Skip to Content
Our Stories

New butterfly and herb garden takes root at Saunders visitor centre

OPG’s Saunders Hydro Dam Visitor Centre in Cornwall just got a whole lot greener.

A new butterfly and herb garden at OPG's Saunders visitor centre features pollinator plants that traditionally thrived in the St. Lawrence River region.

A new butterfly and herb garden has sprung up outside the visitor centre near OPG’s R.H. Saunders Generating Station, part of a long-term sustainable landscape plan for the centre.

A joint venture between Iroquois Consulting Group, an Akwesasne-owned business, and M. Sullivan & Son Limited helped make the project a reality. The garden, which features native wildflowers like purple coneflower and milkweed, will help improve biodiversity in the area by attracting pollinating insects and birds. The garden will also educate visitors on the uses and history of the traditional herbs planted in the garden.

“This is another successful collaboration with our Akwesasne and Cornwall community partners,” said Mike Martelli, President of OPG’s Renewable Generation. Through the hiring of Iroquois Consulting Group, a first-time contractor with OPG, the project provided employment opportunities for Akwesasne businesses and community members.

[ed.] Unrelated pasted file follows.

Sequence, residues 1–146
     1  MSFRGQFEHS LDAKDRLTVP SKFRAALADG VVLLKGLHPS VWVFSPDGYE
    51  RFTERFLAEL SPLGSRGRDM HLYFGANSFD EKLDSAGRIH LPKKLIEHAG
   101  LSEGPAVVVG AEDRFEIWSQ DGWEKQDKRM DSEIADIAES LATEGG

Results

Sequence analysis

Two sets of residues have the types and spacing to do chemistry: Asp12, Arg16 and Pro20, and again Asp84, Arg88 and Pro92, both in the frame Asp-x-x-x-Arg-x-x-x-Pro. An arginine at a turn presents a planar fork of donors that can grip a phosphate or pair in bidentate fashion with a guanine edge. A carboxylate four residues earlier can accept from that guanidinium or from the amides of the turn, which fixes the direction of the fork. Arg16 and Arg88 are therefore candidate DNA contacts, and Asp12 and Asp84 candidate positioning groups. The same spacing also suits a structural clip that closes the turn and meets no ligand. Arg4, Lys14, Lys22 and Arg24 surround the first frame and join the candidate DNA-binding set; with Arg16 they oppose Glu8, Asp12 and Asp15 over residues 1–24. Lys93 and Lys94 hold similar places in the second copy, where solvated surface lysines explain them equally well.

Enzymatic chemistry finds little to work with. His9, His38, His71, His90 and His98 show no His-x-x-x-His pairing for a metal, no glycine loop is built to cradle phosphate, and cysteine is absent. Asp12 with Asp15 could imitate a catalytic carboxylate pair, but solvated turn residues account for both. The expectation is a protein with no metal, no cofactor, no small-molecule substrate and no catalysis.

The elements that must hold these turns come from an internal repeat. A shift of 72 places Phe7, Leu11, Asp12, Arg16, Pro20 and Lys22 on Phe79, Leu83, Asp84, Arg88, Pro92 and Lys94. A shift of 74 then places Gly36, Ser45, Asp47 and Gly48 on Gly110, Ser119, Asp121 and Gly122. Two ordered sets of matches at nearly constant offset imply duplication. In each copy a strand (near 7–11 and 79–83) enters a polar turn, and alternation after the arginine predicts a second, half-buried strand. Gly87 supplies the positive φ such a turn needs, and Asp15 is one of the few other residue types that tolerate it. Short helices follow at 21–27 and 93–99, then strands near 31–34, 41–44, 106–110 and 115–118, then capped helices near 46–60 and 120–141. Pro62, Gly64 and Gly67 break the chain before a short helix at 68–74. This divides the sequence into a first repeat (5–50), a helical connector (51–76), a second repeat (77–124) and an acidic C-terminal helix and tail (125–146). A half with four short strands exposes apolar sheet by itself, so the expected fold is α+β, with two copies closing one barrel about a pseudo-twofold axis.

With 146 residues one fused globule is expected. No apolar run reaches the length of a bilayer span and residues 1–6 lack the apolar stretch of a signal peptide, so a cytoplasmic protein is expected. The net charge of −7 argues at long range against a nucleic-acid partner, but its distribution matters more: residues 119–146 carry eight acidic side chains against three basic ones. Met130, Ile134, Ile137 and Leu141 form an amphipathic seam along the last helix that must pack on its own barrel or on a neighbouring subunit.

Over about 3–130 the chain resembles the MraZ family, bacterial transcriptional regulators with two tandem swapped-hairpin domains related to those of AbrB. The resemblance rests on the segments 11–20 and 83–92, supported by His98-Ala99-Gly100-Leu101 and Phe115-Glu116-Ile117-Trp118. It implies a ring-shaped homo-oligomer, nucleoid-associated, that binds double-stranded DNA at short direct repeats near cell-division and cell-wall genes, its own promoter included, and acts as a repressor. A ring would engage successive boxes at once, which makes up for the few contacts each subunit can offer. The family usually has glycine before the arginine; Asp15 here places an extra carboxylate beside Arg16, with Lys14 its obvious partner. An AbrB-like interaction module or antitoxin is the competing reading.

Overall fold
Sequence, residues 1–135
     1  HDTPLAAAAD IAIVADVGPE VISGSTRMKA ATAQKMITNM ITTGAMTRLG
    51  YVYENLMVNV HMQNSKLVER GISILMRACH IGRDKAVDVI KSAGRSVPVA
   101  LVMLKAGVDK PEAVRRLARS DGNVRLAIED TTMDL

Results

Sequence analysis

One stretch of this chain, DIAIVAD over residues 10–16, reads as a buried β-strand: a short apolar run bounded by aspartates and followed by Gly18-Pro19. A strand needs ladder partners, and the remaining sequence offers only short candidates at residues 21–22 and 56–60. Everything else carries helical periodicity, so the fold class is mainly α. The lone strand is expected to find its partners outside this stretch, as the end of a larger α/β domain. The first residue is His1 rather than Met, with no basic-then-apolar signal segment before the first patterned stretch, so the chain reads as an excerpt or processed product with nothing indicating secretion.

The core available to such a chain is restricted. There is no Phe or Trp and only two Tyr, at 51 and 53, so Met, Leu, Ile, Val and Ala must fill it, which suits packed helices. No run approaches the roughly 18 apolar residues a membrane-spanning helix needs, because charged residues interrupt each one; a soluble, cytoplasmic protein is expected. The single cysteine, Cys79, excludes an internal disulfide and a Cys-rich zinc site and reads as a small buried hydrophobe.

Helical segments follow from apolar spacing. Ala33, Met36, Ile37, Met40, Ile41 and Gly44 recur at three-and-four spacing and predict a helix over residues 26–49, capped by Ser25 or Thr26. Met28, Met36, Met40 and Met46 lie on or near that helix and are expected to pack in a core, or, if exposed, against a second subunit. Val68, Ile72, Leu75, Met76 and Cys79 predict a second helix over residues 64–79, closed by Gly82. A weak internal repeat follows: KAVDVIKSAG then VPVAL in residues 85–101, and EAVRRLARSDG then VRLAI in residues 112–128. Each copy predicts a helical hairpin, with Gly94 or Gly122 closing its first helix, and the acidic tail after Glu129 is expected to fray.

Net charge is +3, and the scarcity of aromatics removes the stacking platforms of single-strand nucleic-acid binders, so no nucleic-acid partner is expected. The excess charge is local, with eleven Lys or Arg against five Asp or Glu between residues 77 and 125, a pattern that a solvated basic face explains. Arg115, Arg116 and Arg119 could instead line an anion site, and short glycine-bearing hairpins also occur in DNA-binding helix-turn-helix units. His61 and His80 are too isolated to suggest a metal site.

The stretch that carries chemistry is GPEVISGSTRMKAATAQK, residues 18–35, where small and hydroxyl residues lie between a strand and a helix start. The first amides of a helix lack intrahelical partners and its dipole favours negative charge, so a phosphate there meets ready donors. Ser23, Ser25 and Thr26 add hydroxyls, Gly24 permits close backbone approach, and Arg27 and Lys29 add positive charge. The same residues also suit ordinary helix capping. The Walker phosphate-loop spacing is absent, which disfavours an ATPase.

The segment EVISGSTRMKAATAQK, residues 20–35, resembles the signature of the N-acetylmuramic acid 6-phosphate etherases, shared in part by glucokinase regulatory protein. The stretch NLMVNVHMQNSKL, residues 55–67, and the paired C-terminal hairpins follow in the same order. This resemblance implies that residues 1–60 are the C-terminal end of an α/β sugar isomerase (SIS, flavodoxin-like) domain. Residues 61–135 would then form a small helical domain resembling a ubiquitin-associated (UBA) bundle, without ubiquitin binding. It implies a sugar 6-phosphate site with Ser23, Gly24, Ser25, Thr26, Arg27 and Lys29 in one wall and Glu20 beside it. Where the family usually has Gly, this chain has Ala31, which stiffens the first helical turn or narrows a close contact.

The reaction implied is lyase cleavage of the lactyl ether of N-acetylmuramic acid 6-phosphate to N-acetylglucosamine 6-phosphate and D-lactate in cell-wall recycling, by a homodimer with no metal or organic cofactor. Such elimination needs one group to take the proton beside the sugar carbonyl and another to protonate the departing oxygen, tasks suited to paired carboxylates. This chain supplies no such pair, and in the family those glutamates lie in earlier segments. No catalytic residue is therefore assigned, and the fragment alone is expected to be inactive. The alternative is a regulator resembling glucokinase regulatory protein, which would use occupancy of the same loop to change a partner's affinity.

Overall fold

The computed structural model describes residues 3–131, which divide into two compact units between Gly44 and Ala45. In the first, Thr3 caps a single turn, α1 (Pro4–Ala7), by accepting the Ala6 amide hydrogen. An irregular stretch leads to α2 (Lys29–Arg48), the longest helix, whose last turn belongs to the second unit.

“This unique and educational garden will serve the Cornwall community well for many years to come.”

A ceremony was held in August to mark the completion of the centre island of the butterfly and herb garden.
A ceremony was held in August to mark the completion of the centre island of the butterfly and herb garden.

On Aug. 22, a ceremony was held to officially mark the opening of the recently completed centre island of the garden, which represents the first phase of the landscape plan for the visitor centre. In attendance were Chief Tim “Dooley” Thompson, members of the Mohawk Council of Akwesasne and Mohawk community, staff from OPG and its contract partners, and members of the Cornwall community.

Many of the species featured in the garden are herbs and pollinator plants that traditionally thrived in the St. Lawrence River region. Over time, these species have been reduced in numbers or have disappeared altogether. The garden will help reintroduce some of these plants to the area while educating the public on the benefits they provide to the local habitat and environment.

As part of the landscape development plan, other areas around the Saunders visitor centre will be developed to include new trails and signage on the traditional uses of the herbs, spices and healing plants important to Indigenous peoples.